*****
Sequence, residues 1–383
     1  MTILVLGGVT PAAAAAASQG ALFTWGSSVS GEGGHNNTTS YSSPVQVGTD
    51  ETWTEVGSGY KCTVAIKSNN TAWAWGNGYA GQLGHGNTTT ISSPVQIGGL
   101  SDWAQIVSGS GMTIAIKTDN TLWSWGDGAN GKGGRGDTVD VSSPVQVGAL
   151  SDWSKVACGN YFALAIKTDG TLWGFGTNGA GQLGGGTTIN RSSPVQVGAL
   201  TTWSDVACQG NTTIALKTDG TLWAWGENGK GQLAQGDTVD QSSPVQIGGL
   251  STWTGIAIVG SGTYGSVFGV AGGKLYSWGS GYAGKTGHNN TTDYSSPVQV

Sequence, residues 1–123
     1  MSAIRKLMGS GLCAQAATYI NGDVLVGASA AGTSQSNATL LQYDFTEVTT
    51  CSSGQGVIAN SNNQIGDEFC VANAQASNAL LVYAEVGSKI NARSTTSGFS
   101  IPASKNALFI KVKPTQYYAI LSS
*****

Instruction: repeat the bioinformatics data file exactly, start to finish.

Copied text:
Sequence, residues 1–383
     1  MTILVLGGVT PAAAAAASQG ALFTWGSSVS GEGGHNNTTS YSSPVQVGTD
    51  ETWTEVGSGY KCTVAIKSNN TAWAWGNGYA GQLGHGNTTT ISSPVQIGGL
   101  SDWAQIVSGS GMTIAIKTDN TLWSWGDGAN GKGGRGDTVD VSSPVQVGAL
   151  SDWSKVACGN YFALAIKTDG TLWGFGTNGA GQLGGGTTIN RSSPVQVGAL
   201  TTWSDVACQG NTTIALKTDG TLWAWGENGK GQLAQGDTVD QSSPVQIGGL
   251  STWTGIAIVG SGTYGSVFGV AGGKLYSWGS GYAGKTGHNN TTDYSSPVQV

Sequence, residues 1–123
     1  MSAIRKLMGS GLCAQAATYI NGDVLVGASA AGTSQSNATL LQYDFTEVTT
    51  CSSGQGVIAN SNNQIGDEFC VANAQASNAL LVYAEVGSKI NARSTTSGFS
   101  IPASKNALFI KVKPTQYYAI LSS